The Garden

The History of the Garden

When Spencer House was first built there was no garden; the terrace fronted directly onto Green Park and a public footpath passed alongside it. This fact explains why there is no obvious access in the form of a grand staircase linking the garden with the terrace.

In 1795, during the residence of the Second Earl Spencer, the Crown Estate granted the houses overlooking the park a strip of land with which to form gardens, and the public footpath was moved to its present position.

Henry Holland designed the original layout of the garden at Spencer House from 1797, possibly in collaboration with Lavinia, Second Countess Spencer, with an oval path and flower beds cut into the central lawn. The garden today reflects this original design, having been recreated by the historic landscape architect Todd Longstaffe-Gowan during the late twentieth-century restoration. At the time, the planting was informed by early nineteenth-century nursery lists in the spirit of historical accuracy.

The Garden Today

Gardens, however, are living creations that change and evolve over time. More recently, the garden has been reimagined in response to growing concerns for the environment. With a new focus on biodiversity, the grounds are now entirely pesticide-free. The formal box hedging has been removed and, in its place, tumbling soft-edged borders create a more relaxed and romantic atmosphere. Regency-style geometric beds have again been carved into the lawn but where once these would have contained exotic bedding schemes, they now form a colourful tapestry of miniature wildflower meadows.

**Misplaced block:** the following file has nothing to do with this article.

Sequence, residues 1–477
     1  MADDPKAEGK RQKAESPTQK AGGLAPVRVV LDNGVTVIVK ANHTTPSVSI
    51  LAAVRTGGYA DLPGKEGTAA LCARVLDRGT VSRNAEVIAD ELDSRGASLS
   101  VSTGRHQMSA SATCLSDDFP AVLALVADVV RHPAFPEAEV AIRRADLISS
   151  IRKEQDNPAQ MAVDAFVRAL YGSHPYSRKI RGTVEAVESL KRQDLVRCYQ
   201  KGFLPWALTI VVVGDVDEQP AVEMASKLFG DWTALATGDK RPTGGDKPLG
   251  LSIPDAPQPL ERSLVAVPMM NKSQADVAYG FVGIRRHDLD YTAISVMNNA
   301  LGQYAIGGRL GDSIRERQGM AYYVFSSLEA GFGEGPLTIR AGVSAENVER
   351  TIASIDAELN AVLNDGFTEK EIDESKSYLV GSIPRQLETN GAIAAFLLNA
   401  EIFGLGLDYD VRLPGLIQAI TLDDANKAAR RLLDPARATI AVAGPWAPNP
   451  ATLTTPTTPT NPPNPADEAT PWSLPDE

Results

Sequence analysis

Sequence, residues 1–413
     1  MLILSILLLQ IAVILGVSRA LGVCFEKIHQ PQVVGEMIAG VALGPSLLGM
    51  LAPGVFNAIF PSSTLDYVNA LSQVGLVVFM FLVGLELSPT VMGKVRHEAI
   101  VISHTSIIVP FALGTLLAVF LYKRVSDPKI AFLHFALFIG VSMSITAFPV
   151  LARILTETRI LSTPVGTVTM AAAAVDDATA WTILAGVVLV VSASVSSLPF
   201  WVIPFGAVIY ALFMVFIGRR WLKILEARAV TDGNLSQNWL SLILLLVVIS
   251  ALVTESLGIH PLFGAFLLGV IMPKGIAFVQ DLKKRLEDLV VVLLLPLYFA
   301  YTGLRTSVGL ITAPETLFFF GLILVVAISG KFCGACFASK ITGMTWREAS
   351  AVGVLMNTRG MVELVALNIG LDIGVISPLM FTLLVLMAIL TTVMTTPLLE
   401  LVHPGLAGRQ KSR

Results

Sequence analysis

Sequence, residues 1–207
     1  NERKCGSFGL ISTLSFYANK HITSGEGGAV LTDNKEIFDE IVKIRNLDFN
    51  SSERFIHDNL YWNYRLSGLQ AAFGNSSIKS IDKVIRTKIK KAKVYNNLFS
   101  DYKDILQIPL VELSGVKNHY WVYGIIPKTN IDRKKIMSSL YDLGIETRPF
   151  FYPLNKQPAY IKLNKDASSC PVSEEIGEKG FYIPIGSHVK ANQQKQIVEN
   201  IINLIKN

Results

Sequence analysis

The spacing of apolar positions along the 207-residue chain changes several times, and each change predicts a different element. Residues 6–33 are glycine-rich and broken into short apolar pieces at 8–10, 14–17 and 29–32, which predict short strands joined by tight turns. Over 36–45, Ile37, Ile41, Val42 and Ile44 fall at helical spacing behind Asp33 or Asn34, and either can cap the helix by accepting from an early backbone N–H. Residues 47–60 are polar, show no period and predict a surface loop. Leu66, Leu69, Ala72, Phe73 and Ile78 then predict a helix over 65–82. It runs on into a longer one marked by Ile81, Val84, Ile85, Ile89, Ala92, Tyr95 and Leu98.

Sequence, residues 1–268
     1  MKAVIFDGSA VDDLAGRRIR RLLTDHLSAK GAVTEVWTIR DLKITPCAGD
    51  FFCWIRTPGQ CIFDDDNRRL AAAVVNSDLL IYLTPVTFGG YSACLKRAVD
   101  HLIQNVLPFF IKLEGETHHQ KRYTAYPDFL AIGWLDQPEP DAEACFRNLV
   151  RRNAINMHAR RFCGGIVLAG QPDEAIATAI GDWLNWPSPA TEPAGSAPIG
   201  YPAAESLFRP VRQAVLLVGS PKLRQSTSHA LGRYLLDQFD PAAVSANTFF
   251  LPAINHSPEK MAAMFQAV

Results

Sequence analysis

The expanded palette of plants, with a particular focus on native British wildflowers, offers increased floral interest over a longer period of the year. Alive with pollinating insects, the new scheme also enhances the experience for human visitors to the house. In this way, the garden’s design remains true to its heritage whilst continuing to develop in a contemporary manner.

Icon Quotes

The situation is admirably fine, enjoying at once the advantage of town and country.

Vitruvius Brittanicus, Vol. IV, 1767
Terrace Paul Highnam

The Terrace

Image Quick Link Card

Explore the Rooms

Image Quick Link Card

Book a Tour

Form Block Image

Sign Up to our Newsletter

Sign up to our newsletter if you would like to receive updates about the house and details of any upcoming special tours and public events.

This site is protected by reCAPTCHA and the Google Privacy Policy and Terms of Service apply.